Proceedings of the XXIII Canary Islands Winter School of Astrophysics: 'Secular Evolution of Galaxies', edited by J. Falcon-Barroso and J.H. Knapen

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Daniela Calzetti

Department of Astronomy, University of Massachusetts,
710 North Pleasant Street, Amherst, MA 01003, USA,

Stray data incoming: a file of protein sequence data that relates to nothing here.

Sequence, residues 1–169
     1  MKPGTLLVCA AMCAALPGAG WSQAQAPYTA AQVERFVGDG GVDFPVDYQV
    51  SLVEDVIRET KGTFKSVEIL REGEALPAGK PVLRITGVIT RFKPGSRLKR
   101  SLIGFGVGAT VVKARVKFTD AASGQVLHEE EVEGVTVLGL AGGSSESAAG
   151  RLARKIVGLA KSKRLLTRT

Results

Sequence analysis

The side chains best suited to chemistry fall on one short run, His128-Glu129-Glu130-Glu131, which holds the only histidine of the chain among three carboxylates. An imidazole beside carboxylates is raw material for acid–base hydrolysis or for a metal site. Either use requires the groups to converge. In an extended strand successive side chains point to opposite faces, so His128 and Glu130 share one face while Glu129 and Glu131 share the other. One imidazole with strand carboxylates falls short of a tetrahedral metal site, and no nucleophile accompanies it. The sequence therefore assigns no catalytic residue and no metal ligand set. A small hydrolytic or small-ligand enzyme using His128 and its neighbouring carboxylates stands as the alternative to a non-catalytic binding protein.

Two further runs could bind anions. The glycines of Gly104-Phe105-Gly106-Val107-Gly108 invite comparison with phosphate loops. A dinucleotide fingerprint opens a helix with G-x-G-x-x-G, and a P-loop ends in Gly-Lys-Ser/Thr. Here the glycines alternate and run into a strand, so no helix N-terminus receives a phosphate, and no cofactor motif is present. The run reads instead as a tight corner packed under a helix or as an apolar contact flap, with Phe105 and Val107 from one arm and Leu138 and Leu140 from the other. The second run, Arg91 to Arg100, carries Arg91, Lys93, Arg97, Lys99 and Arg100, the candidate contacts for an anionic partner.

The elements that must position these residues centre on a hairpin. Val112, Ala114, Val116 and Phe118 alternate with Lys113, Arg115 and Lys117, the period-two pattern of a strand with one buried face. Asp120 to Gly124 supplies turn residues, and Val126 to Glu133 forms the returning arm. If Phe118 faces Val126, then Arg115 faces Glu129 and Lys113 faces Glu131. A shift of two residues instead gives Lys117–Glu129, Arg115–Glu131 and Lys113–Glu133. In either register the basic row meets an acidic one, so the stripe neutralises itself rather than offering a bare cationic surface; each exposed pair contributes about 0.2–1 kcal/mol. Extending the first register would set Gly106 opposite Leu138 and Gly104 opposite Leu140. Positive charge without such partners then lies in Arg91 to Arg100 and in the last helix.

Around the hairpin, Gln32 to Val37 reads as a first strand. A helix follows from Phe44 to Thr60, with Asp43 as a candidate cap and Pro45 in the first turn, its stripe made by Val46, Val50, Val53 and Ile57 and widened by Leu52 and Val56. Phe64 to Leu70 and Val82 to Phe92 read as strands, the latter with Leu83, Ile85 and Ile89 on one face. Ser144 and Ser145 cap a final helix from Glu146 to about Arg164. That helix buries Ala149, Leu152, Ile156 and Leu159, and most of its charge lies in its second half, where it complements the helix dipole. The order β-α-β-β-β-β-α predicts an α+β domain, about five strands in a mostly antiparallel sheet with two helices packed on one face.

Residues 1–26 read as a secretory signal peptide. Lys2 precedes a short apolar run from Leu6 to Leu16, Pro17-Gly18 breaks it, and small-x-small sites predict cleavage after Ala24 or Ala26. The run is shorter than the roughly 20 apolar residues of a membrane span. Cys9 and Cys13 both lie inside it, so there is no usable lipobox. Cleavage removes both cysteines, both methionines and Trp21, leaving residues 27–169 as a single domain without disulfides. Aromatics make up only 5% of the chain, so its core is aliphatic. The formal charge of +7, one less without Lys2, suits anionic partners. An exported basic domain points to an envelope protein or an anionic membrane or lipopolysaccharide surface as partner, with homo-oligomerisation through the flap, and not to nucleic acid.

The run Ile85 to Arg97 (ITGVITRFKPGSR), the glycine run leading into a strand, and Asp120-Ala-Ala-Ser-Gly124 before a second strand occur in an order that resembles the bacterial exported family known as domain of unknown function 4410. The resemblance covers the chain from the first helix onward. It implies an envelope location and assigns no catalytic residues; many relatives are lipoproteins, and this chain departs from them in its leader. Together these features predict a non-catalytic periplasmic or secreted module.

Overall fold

Abstract: What else can be said about star formation rate indicators that has not been said already many times over? The `coming of age' of large ground-based surveys and the unprecedented sensitivity, angular resolution and/or field-of-view of infrared and ultraviolet space missions have provided extensive, homogeneous data on both nearby and distant galaxies, which have been used to further our understanding of the strengths and pitfalls of many common star formation rate indicators. The synergy between these surveys has also enabled the calibration of indicators for use on scales that are comparable to those of star-forming regions, thus much smaller than an entire galaxy. These are being used to investigate star formation processes at the sub-galactic scale. I review progress in the field over the past decade or so.

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